When clients are following the progress of a 3D visualisation project, their first opportunity to see it in 3D form is often a revelation – the point at which the designed concept takes on a meaningful form. Although there is virtually no colour in the scene – aside from the sky and perhaps some reflectivity in the windows – the 3D clay render is a significant milestone.
We have completed over 500 projects, and this intermediate ‘clay stage‘ presentation is of tremendous value, especially if the architects have worked entirely in 2D to that point. The clay render achieves several objectives: it allows clients a visual engagement with the process; it offers a clear definition of the camera angle, and it presents an early stage of the geometry of the scene.
Our work might seem to appear as if by magic, or be completely done with computer software, where the operator has little to do once the scene is populated. Nothing could be further from the truth. The key to an effective 3D visualisation is twofold: creative artistry in the use of materials and lighting, and expertise in setting up the camera angle to produce the beautiful photographs you see in architectural magazines.
There are countless variables and many time-consuming elements in the 3D visualisation process, and presenting an image that falls outside the client’s expectations can lead to a host of further problems. When time is the most precious resource, hours can be wasted in adding extra details to areas in the 3D space, which might ultimately have no impact on the selected camera angle.
In the past, when we needed to accelerate projects, due to clients’ requests or because of time constraints, we had to skip the clay stage render and move straight through to coloured visualisations. And almost every time, when the clients eventually saw the renders, there came the ‘Aha’ moment of surprise, and the ‘Is this how it’s going to look?’ reaction.
And then, inevitably, to get the project looking right, came the slew of changes, including alterations to the camera angle, which involved adding further 3D environment and scenery to complete the view. This step alone can require an extra week of work, as some of the existing scenery is no longer usable or not in the view of the revised camera angle.
The clay stage render avoids these difficulties.
Clay or ‘Whitecard’ 3D Render: the Basics
The modelling process – from plans to the 3D model – depends on the complexity of the project. A small townhouse development can take between 3 and 5 days; a large land estate might require several weeks. When the entire model is complete, it’s the perfect opportunity to review the proposed development with the client.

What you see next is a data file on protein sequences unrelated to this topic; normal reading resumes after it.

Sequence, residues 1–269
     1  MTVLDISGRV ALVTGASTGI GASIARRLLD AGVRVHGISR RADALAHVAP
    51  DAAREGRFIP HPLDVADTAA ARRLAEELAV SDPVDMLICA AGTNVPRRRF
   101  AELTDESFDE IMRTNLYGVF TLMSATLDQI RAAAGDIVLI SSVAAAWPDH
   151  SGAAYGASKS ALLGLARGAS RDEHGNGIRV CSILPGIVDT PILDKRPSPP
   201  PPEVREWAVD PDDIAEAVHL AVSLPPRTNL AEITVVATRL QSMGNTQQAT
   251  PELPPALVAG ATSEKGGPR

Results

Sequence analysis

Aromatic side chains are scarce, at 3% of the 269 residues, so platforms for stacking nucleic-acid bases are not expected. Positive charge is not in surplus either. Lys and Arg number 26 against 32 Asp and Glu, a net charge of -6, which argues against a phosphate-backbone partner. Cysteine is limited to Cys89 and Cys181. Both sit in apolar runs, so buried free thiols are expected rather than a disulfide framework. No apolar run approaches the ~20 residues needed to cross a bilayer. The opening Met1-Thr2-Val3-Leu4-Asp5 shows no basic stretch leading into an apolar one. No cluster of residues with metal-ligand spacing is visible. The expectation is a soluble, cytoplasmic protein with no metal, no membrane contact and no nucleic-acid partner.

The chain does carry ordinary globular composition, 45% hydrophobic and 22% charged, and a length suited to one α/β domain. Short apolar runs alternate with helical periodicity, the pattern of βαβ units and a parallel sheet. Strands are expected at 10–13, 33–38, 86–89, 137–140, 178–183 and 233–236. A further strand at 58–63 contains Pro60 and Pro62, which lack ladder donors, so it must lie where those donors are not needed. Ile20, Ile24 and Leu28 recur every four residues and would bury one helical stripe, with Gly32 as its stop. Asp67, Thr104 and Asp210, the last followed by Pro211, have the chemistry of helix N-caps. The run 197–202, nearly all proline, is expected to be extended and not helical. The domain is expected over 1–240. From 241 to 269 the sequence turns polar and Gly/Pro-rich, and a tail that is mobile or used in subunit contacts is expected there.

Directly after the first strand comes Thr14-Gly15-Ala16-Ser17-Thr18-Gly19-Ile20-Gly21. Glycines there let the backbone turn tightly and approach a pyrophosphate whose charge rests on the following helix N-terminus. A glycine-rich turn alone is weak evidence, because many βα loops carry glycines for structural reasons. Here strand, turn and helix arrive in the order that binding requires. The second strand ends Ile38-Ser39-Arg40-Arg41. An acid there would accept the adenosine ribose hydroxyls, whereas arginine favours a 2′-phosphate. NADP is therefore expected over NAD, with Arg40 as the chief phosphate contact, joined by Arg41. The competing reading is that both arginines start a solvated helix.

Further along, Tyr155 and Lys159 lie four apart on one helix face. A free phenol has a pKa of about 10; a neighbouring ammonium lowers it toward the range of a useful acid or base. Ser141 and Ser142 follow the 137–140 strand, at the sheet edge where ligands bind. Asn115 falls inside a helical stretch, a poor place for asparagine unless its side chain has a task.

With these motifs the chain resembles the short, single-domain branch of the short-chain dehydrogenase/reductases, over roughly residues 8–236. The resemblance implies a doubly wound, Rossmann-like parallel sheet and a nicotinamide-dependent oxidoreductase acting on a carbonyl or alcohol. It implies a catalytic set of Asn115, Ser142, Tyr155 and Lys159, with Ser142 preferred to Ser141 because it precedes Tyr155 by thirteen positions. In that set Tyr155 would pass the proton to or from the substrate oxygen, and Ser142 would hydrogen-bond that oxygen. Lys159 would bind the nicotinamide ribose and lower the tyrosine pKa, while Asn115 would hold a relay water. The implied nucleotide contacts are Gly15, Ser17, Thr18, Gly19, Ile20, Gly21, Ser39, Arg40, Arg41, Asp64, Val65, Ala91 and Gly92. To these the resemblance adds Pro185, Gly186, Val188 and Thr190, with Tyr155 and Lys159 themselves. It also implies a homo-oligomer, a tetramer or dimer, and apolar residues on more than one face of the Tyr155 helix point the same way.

To create the clay stage render, we add basic lighting, sky and sun and, to delineate different surfaces, we attach a grey scale material and glass for the windows. These steps add a little colour to the scene, which is usually enough for the clients to understand how the development is starting to take shape.
The clay stage becomes even more important when we are working on a custom conceptual project. Clients need to visualise the spaces as early in the process as possible, so they can determine whether any design changes will be needed.
Recently, we worked with Camberwell Grammar School on a proposed refurbishment of their music department building, and the school was offered two alternative concepts for the foyer entry. The images, below, show the work in progress. The clay stage presentation was immensely helpful in defining the direction for the conceptual work.
And ultimately the image produced after changing the façade slightly came out looking like the following.
3 Key Benefits of the 3D Clay Stage
To summarise, here are the three key benefits of using the clay stage milestone in the 3D visualisation process:
Introducing an earlier step in the render development process allows clients a clear understanding of how the visualisation is taking shape. In our methodology, which focuses on client engagement and involvement, the clay render is an important milestone.
Camera angle direction is a major component in giving a 3D visualisation the ‘architectural magazine’ look. Showcasing the project in a clay form, with a clearly defined point of view, allows for a critical review of the camera angle and for adjustment, if required.
3. Geometry Review
Finally, if designers have only worked in 2D up to this point, by producing a clay stage render we allow clients to understand and review building features. Any key design changes are a lot easier to manage during the clay render stage than they would be later in the process. Furthermore, early lighting study can be done – although without full post-processing to the images – and basic sun direction can be discussed at this stage.
In the case of interior 3D perspectives, the clay render stage is the first chance for clients to visualise the available space, and a better opportunity to review proposed furniture placement and styling.
Clay Stage Visualisation is Imperative
Our experience of many successfully completed projects has proved the value of the clay stage milestone in the render development process. Producing magazine quality visualisations requires artistry and technical brilliance to evoke emotion and, ultimately, to create 3D imagery that will convey the property developer’s vision. It is so much easier to achieve this by eliminating variables as early as possible in the 3D visualisation process, while also saving time and avoiding unnecessary costs.
To your development success,
BEng / BTech (Ind Design), LREA, VPELA.